require an optimized fuel such as plant derived biodiesel at once. He also proved that numerical simulation of heat transfer in the piston and in to the cylinder walls is a viable factor to optimise the combustion process. It is apparently known that, Direct Injection engines require squish air motion for complete mixture preparation. In general incorporating swirl in the combustion chamber helps improving the performance characteristics of the engine [6] Squish is nothing but the radially inward and transverse air motion that occurs at the end of the compression stroke thereby piston top and cylinder head approach each other [7]. The quantum of squish is defined by the percentage of squish area. i.e. the percentage of piston top area which closely approaches the cylinder head. The compact combustion chamber geometry may cause the squish generated air motion. However the efficiency of the VCR engine can be improved by increasing the burning rate of the mixture through the turbulence of intake air motion. The turbulence can be achieved by introducing the unique designed hemispherical bowl shape on the piston crown which is asymmetric with the axis of the piston. Also along with this squish by varying the compression ratio the turbulence of the air motion can be induced or generated. In-cylinder fluid motion is one of the essential parameters that enhance the fuel-air mixture and speeds up combustion a rate which in turn governs the performance and efficiency of the engine. The air jet enters the cylinder with higher velocity than mean speed of the piston. This intake jet interacts with cylinder walls and can create rotational flow patterns. The flow pattern depends upon the geometry of the combustion chamber contour and design of the piston crown. The flow pattern may be distinguished as swirl, tumble and squish which leads to enhancement of combustion rates and thermal efficiency. Min-Ho-Kim et al [8] reported that the air charge motion inside the intake manifold governs the performance, combustion and emission characteristics of C.I.engine. This can be accomplished in the intake manifold by modifying the design of the spacer and chamber walls in turn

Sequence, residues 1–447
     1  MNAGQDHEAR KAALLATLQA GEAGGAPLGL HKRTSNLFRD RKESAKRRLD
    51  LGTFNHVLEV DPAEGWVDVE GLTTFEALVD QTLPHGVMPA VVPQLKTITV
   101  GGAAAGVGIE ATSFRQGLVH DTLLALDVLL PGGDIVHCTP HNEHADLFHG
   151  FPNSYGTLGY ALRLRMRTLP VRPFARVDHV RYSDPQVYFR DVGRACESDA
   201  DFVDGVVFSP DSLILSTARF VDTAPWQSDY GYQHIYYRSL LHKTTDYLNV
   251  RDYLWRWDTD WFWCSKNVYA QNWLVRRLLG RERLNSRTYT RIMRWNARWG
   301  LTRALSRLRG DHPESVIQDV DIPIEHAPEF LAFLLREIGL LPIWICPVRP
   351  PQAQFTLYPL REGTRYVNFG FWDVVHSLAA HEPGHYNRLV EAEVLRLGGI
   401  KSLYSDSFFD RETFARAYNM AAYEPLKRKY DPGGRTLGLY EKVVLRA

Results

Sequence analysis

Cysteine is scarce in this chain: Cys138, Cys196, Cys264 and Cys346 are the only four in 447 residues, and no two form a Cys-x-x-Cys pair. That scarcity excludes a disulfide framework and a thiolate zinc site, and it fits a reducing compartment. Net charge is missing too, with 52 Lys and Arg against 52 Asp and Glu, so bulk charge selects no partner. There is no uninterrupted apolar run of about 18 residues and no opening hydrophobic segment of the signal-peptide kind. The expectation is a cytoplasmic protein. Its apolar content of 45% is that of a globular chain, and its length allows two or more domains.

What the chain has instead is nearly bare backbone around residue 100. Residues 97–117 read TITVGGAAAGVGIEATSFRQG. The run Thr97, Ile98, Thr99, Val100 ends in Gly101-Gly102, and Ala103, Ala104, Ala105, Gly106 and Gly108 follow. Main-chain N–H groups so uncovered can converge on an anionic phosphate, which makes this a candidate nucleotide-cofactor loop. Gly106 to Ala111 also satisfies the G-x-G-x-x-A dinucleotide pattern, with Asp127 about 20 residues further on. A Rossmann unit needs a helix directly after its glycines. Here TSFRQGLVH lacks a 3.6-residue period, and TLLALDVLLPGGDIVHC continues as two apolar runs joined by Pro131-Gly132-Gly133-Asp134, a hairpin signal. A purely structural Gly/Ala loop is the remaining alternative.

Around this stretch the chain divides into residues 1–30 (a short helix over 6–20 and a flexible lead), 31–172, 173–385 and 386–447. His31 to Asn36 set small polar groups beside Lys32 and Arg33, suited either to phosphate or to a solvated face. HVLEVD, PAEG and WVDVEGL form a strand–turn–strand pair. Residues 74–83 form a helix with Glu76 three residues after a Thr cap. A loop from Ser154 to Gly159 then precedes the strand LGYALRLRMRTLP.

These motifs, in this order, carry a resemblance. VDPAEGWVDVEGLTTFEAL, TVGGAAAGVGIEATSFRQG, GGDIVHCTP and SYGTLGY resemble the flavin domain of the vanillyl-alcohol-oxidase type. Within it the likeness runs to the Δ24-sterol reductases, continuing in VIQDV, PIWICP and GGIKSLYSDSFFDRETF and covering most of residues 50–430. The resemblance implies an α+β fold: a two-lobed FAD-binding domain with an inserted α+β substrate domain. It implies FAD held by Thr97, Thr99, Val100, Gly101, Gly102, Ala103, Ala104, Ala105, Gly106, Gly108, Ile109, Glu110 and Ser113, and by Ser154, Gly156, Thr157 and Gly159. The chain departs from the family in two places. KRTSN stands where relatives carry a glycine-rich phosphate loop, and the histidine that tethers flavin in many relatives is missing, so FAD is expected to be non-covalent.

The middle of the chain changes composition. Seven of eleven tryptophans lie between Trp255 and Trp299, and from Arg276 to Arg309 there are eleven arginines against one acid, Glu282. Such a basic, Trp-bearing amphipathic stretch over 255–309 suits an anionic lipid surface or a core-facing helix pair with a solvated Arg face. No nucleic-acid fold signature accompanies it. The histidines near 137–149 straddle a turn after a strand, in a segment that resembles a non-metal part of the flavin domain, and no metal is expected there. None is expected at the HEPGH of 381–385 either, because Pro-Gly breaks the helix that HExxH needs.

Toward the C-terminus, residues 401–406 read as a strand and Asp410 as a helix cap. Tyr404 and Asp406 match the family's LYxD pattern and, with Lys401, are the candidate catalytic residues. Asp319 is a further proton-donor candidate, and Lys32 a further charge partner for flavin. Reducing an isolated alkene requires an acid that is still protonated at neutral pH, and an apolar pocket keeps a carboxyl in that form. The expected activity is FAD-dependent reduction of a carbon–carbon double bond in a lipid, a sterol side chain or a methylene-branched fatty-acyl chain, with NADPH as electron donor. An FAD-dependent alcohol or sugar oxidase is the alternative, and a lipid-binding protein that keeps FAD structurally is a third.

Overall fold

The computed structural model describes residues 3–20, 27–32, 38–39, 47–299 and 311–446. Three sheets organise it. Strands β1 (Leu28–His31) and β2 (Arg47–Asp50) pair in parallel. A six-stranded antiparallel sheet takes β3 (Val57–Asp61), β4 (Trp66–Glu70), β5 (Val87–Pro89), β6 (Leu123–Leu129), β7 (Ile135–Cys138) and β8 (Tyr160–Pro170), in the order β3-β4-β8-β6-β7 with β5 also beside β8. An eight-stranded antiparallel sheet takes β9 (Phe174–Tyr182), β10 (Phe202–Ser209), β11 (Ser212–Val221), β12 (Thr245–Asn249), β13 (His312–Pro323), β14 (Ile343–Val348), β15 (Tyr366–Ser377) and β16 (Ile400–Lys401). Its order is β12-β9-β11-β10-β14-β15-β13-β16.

enhances the flow velocity and pressure distribution that improves the performance of the engine. During compression, the piston motion forces the mixture from the periphery of the cylinder to the contour on the piston that causes the radial flow towards the axis of the cylinder known as squish. In this study, the geometry of the piston bowl has been redesigned and the effect of inlet air charge motion (squish) is analysed. The result also shows that the effect of squish can enhance the performance.

  2. Inlet Charge Motion Analysis

    A primary study has been conducted using CFD analysis, to explore the effect of intake charge motion. Since the feasibility of Modelling and analysis in software is very viable than experimentation the Pro-E and Ansys Fluent software is used for design and analysis. The increase in performance is obtained by proper mixing of fuel and air in particular it is valid for

    D.I. Diesel engine. The mixing of fuel-air mixture can be enhanced by introducing squish motion in the combustion chamber. Moreover the efficiency of an engine can be improved by proper burning rate of fuel-air mixture [9,10]. In this study this is accomplished by creating a crescent shaped hemispherical bowl over the piston head for generating the squish air motion, in turn higher turbulence mixing of fuel-air. A 4stroke, VCR Kirloskar TV-1 C.I. Engine has been utilised for experiment.